The gendered technostate: transnational health flows, local inequalities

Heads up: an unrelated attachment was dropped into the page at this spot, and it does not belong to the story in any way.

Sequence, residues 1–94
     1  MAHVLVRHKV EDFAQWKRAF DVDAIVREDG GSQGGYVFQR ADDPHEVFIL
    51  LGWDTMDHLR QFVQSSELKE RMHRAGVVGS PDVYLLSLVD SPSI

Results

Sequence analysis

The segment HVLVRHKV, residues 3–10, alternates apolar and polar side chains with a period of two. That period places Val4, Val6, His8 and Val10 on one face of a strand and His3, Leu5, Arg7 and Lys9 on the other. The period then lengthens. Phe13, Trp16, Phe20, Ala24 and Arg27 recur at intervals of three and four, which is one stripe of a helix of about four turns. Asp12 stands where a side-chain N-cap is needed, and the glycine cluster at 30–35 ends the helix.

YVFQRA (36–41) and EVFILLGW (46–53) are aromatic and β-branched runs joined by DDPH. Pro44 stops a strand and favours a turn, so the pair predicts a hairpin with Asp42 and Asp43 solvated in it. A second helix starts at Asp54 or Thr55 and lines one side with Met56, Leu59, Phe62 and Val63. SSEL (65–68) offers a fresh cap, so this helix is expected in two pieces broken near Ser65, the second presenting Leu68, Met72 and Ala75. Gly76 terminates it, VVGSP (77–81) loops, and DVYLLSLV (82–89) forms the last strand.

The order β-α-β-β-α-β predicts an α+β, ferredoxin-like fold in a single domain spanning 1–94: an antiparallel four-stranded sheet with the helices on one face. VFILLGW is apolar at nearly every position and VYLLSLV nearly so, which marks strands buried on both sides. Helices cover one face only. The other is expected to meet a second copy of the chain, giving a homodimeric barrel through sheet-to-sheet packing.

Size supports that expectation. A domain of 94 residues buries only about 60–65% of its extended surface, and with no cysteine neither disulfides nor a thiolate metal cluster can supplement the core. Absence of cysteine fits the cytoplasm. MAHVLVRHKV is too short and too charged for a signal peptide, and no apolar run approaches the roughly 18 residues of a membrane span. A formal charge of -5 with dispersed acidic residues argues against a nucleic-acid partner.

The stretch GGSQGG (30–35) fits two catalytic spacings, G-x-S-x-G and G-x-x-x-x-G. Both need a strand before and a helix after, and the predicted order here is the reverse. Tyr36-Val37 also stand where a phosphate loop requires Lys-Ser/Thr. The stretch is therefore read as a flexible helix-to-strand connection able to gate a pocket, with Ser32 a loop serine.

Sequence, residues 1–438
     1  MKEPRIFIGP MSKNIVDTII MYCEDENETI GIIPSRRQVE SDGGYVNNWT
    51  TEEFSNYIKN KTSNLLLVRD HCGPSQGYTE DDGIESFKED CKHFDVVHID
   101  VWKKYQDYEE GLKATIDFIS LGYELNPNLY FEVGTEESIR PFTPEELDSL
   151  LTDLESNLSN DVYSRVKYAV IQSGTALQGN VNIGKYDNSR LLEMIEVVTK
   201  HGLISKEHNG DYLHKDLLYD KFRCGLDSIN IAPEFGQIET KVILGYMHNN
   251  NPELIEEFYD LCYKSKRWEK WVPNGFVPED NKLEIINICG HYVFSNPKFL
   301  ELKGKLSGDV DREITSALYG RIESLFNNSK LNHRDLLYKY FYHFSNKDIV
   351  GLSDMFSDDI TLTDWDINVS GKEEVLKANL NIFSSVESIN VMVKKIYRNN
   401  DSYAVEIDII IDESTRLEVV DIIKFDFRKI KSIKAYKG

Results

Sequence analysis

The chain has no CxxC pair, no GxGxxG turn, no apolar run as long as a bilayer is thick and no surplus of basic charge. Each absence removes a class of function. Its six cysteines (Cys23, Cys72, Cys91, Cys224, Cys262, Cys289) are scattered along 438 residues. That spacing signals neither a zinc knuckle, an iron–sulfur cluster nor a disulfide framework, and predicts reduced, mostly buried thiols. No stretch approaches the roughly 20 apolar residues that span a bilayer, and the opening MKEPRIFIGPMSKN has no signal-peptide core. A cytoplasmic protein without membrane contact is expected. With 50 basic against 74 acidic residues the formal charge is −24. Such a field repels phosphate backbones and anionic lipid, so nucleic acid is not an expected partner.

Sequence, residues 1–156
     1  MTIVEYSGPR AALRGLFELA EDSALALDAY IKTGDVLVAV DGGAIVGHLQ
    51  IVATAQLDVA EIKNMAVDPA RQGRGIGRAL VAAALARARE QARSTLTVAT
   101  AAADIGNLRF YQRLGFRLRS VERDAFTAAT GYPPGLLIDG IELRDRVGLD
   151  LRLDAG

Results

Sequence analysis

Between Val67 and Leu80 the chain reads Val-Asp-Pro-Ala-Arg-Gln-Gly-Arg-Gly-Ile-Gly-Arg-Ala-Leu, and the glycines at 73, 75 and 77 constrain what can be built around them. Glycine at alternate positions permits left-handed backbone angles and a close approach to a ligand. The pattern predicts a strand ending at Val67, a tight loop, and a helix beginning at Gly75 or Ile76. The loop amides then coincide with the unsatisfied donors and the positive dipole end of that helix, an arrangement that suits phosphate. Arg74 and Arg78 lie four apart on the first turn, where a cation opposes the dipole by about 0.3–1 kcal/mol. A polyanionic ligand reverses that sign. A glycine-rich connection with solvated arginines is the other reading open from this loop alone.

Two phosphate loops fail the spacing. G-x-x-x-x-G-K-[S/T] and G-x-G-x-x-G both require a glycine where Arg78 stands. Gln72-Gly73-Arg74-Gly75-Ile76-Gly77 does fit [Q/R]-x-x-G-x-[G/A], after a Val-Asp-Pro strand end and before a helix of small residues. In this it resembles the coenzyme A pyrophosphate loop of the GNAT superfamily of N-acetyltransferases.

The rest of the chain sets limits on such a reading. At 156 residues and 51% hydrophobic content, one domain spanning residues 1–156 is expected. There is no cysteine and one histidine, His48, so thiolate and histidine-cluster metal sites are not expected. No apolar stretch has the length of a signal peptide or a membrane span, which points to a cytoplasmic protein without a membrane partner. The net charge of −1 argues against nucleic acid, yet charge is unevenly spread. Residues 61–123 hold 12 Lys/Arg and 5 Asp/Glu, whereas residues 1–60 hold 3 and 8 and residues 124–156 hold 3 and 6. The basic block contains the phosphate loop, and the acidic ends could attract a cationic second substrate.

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This dissertation analyzes how medical tourism in Thailand impacts and involves kathoey, a Thai third gender group. As the Thai state launched in 2016 an economic plan centered on technological growth and medical tourism, kathoey entertainers – many who have undergone gender-affirming surgeries – are being used as a symbol of medical technologies to attract foreign currency and potential medical tourists. Their work in the entertainment industry also contributes to national rebranding efforts by shifting Thailand’s historical reputation as a sex tourist hub to one of medical expertise and professionalized labor. Through the concept of the gendered technostate, I show how states, gendered labor, and technologies are co-constructed via technologically-enhanced gendered labor, that is both produced by and contributing to state agendas. Within the context of state-led efforts to advance technological growth and medical tourism, I illustrate how local people co-construct a global medical market, affording the nation new levels of prestige. The dissertation analyzes local health effects of medical tourism, developing the sociology of trans-national health, a framework which accounts for the political and economic aspects of health and health care across borders of sex, gender, and nation. The project elucidates the cultural economy of medical tourism and the local gendered relations that undergird transnational health practices. It demonstrates how transgender people are incorporated into the state as professionalized citizens, thereby illuminating the role of the state in producing and legitimizing bodies to become particular configurations of sex, gender, and labor.
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